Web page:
AND I will have Book #4 in the Wild Blue Mystery series--The Painted Lady--coming out late this year!

Lots to look forward to on the writing front for sure.

Stay tuned for details and - hopefully - even more great news!!  How bloomin' good is that?

Friday, January 19, 2018

January 20 Round Robin Blog

Welcome back!
Okay, I know I said I'd be better about posting on my blog, but life has this funny way of saying "No you won't."  Between a nasty cold and work, it's taken me a bit to get back on here.
In the meantime, I'm working on some revisions with two novels in the wings and eager to dive back into making my books reality!

In the meantime....

Here I am with another Round Robin Blog post. Our topic today:

Considering viewpoints in writing (omniscient, ie. author's viewpoint, or first person, second person, or third person in character's viewpoint), what is your preferred way of exposing your characters, their thoughts and emotions? How do you switch between characters?

For anyone who has read my novels, I normally write in third person (he said/she said). All of my books are written this way except the one I'm currently working on, which is in first person (I said). Why the switch? Partly it was a requirement of the publisher I was originally writing it for, but I kind of like it for a this particular series. No other characters deep, dark thoughts to be concerned about, just what my main character Laken sees, knows and hears.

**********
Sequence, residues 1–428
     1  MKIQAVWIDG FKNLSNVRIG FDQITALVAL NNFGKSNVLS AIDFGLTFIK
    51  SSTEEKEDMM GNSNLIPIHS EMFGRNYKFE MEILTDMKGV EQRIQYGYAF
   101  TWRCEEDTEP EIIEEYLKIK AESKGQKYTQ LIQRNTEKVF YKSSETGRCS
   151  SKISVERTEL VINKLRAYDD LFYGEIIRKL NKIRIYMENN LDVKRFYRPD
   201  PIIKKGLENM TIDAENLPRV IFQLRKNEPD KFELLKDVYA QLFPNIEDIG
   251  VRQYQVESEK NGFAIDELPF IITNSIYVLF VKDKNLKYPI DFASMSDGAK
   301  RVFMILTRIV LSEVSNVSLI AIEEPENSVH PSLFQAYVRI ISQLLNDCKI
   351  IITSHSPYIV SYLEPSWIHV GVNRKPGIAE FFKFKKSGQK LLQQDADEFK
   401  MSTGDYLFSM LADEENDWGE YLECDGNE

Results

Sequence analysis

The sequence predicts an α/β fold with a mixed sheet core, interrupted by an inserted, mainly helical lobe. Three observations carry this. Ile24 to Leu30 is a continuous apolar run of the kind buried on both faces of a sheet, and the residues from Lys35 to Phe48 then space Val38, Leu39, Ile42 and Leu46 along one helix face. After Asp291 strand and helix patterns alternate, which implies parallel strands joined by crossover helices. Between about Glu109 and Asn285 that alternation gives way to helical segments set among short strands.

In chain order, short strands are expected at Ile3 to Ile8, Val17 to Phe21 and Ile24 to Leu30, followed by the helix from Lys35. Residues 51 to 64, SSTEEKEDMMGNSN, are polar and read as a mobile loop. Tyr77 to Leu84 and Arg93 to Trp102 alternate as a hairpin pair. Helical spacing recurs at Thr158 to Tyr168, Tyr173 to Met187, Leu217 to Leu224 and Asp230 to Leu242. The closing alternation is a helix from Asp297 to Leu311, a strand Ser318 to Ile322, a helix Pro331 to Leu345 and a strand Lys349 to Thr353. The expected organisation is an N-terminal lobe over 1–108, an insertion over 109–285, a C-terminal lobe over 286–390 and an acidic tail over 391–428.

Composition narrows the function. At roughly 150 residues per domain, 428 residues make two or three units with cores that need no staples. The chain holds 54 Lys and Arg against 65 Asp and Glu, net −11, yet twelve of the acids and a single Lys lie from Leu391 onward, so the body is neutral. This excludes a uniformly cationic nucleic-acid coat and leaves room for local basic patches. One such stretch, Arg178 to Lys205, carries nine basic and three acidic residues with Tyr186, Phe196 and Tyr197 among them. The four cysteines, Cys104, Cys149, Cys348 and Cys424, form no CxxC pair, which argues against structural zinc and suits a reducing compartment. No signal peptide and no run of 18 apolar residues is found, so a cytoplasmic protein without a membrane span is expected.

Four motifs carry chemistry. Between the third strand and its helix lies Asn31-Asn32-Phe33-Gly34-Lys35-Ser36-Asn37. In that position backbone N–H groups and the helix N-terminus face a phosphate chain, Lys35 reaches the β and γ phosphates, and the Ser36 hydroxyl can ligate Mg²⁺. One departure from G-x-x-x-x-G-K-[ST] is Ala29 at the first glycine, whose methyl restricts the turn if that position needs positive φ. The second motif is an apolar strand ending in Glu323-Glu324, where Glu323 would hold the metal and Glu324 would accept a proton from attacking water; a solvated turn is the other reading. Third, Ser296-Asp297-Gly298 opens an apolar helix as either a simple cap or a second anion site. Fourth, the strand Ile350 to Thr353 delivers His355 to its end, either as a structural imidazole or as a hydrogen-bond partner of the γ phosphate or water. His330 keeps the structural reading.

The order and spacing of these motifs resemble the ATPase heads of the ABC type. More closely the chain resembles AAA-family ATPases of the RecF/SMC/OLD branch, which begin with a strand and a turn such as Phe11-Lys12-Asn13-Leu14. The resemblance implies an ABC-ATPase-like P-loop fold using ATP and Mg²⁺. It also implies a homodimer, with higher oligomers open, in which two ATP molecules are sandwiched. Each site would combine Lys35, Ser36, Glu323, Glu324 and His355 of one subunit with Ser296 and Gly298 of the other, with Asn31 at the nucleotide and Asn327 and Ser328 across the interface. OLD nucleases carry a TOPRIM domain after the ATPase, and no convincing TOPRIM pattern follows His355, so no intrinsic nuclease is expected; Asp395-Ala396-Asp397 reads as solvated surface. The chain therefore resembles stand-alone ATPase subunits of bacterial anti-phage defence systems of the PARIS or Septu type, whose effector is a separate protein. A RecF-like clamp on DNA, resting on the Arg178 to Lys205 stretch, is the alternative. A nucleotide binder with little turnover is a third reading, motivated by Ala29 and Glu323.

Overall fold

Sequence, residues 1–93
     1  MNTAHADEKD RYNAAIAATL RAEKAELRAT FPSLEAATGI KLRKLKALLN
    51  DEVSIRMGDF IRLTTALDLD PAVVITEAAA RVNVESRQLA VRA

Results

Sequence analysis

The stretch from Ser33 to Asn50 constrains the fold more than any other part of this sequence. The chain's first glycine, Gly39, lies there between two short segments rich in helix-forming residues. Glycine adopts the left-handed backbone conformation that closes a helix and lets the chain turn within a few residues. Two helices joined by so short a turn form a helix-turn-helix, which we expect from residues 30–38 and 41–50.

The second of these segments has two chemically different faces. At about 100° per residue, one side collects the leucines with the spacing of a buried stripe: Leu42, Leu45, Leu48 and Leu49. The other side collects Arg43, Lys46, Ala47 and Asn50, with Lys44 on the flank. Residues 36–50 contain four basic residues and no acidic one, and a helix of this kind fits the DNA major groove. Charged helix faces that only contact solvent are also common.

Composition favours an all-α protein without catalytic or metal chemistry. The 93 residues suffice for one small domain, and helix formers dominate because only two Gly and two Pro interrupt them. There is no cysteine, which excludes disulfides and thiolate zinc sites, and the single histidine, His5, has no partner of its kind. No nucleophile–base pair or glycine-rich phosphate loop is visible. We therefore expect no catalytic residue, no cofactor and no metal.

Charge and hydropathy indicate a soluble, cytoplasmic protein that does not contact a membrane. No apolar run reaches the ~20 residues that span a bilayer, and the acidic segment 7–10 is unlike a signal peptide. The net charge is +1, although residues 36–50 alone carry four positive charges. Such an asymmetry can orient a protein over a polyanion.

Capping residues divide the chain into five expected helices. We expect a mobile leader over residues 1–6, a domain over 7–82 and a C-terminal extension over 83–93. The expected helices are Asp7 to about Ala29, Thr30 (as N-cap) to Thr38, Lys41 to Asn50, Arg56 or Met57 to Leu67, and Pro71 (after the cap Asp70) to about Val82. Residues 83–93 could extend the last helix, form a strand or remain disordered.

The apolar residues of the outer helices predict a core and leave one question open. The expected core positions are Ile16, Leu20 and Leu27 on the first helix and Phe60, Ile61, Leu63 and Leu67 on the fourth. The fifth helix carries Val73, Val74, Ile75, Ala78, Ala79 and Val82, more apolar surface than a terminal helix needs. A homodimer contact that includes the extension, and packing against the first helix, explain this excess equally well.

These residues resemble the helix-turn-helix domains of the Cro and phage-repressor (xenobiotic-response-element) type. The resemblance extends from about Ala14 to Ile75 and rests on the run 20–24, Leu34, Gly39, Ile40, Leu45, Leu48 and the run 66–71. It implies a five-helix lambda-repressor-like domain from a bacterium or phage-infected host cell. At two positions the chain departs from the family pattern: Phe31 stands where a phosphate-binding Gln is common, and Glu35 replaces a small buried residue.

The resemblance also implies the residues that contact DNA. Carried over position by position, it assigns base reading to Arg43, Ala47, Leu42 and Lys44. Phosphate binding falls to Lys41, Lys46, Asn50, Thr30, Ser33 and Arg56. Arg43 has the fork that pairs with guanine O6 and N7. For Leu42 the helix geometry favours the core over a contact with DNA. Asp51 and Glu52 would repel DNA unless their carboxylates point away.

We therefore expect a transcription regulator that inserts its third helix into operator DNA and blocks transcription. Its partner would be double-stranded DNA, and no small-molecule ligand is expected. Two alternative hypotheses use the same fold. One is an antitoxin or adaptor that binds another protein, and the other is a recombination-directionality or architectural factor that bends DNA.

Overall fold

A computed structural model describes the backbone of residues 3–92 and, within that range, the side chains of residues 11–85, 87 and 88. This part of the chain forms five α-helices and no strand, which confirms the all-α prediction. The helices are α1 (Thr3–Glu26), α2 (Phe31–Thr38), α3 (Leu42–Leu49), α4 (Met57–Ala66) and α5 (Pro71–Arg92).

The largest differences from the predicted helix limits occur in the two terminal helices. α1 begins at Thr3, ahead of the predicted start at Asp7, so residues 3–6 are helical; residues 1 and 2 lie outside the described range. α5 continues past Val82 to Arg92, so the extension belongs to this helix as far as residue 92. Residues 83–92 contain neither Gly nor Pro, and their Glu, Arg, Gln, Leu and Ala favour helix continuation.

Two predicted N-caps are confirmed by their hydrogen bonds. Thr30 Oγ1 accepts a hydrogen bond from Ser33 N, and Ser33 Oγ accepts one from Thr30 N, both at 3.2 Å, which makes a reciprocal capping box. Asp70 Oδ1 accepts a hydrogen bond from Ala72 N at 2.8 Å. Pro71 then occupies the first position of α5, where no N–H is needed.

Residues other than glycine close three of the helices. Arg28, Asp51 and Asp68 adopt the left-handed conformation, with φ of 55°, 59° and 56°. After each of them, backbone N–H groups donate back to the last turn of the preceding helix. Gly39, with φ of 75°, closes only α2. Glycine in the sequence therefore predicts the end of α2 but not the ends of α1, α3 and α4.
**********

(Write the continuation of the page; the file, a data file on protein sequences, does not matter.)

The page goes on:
Because I use mostly third person, I generally have two main characters I write between. For me, I don't like "head hopping" or jumping from one character to the other so quickly the reader becomes disoriented. I've read novels where the writer has taken that approach and find it difficult to follow the plot and keep the characters straight. I prefer taking my time in a chapter and switching to another character in the next chapter.

Short and sweet today. My question to you, dear reader, is which viewpoint do you prefer to read?

I hope you leave me an answer then hop around to visit some of our other amazing authors!